Educators and students march to support immigrant students’ education and protest Trump’s border wall

Teachers from all over Imperial Valley lock arms at the U.S. – Mexico border Monday in support of the California Teachers’ Association Statewide Day of Action at Calexico. The teachers marched to the border in opposition of President Trump’s proposed border wall.

CALEXICO - The Associated Calexico Teachers (ACT) union invited local teachers, students and the community to join them at the California Teachers Association (CTA) Statewide Day of Action press conference Monday afternoon, where they marched to the U.S. – Mexico border in opposition of President Donald Trump’s border wall and to highlight the significance they believe it will have on the Valley’s public education.

The press conference was held at Jefferson Elementary School where the Black Lives Matter committee and educators from Westmorland, Brawley, El Centro, and Calexico attended.

James Taylor, president of ACT and the Imperial County Teachers Uniserv, plus the chairperson for the California Teachers Association (CTA) service center for Imperial Valley, began the press conference by stating to the public the unions’ opinions of the impact building a border wall will have on local students who live on either side of the border.

“We are a community who shares multiple mixed heritages, languages and have a collected hope and universal dreams,” Taylor said. “And as a community, we have been targeted by the Trump administration. To place a wall between one community, but two different countries, will symbolically divide us and create an unneeded isolation,” he said.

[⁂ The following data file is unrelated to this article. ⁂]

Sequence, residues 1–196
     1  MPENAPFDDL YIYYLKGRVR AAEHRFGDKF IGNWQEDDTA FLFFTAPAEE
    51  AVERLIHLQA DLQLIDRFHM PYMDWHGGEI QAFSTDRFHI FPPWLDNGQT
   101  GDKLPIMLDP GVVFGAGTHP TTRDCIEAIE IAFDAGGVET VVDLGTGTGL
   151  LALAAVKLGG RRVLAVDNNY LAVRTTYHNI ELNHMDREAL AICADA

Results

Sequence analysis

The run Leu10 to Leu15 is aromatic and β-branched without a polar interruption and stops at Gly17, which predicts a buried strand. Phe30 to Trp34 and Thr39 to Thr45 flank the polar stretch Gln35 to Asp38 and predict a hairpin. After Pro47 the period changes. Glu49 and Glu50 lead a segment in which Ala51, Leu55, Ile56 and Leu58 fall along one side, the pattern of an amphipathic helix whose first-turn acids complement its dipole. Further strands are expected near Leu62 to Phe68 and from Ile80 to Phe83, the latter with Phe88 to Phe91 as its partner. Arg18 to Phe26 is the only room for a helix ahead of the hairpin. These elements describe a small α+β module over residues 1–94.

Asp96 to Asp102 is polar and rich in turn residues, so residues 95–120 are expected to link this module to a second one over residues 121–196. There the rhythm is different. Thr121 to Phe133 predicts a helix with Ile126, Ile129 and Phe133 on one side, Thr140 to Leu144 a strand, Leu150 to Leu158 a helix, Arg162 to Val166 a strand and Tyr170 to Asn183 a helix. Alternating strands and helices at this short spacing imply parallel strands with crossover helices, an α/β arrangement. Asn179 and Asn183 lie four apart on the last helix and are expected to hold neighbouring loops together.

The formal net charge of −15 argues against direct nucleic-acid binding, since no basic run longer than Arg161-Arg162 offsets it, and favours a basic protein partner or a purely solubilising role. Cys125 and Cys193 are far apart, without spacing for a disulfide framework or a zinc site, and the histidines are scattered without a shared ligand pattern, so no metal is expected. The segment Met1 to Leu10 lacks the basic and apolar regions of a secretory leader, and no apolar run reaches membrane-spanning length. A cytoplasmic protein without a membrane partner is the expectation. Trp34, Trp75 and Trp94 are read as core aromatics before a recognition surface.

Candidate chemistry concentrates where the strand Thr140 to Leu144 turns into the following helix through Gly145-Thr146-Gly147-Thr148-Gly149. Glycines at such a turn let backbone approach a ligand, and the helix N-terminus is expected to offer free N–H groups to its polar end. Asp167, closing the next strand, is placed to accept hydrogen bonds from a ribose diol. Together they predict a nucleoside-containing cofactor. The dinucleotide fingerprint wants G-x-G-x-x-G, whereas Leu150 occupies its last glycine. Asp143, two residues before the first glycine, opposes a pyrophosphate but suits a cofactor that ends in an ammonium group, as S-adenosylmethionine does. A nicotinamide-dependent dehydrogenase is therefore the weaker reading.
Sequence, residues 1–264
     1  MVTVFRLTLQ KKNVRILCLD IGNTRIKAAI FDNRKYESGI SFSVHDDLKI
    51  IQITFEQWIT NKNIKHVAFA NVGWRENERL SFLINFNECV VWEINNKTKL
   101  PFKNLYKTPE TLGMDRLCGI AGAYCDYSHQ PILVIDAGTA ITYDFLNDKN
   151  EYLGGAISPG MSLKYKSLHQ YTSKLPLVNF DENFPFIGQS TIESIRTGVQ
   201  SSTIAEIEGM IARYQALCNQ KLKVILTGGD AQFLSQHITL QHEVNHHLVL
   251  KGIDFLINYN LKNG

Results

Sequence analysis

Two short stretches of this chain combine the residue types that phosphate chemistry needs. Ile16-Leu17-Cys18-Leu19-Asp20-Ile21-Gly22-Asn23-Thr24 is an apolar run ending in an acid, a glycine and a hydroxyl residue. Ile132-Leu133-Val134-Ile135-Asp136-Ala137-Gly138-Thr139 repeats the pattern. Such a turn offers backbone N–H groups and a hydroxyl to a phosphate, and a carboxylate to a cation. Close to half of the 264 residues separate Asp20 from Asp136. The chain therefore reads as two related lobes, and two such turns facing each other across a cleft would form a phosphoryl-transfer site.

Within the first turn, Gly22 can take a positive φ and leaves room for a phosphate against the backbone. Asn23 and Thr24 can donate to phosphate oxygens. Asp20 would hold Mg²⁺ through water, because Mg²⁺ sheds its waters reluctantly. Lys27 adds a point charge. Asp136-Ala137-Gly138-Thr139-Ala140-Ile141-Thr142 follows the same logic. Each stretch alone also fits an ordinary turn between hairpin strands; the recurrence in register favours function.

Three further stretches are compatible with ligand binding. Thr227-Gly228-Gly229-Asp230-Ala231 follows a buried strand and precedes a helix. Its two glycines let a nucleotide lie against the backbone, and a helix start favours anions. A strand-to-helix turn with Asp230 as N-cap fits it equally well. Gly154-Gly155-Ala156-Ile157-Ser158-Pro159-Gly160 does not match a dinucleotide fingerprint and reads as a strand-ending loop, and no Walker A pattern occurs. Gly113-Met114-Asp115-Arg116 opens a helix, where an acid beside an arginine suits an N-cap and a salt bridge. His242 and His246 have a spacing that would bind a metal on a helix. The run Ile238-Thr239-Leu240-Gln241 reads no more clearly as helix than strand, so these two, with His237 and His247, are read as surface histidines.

On February 21, the Department of Homeland Security published Secretary John Kelly’s signed memorandum on implementing the President’s executive orders on border security and immigration improvements. As they later changed it to a Question and Answer format, the webpage states that the locations near El Paso, TX, Tucson, AZ and El Centro, CA have been identified as replacement areas for fences or for old landing-mat fencing that are no longer effective.

“This will affect the lives of our students and what is more limiting of the mind of our young people than a wall standing in front of their dreams,” said Taylor. “When it comes to teachers, we don’t care what side of the border you come from — we’re dealing with human rights here.”

Local students Valeria Moran and Hector Teran, Jr. individually stood up in the podium and expressed their position of the current situation as each explained to the crowd the great effort and work every immigrant student must exert to earn their education.

As the blazing heat radiated, over 300 teachers and students held up their posters while walking down to the U.S. – Mexico border. The crowd stood side by side with locked arms and their backs to the border fence while they gave their stance to the community.

“I hear students talk about deportation and what would happen to them and their families who live across the border,” said Carmina Ramirez, a teacher at Calexico Unified School District. “When a student cannot be fully heard because they’re afraid and worried, it affects their education.”

“Teachers are here united to say that education is a human right,” Ramirez said. “No one deserves an education with fear or threats. We as teachers always welcome our students with open arms,” she said. “We want the public to be aware of what’s happening and to stand for our kids as well. This march was a perfect example how as a community we are united and we cannot let anyone think otherwise.”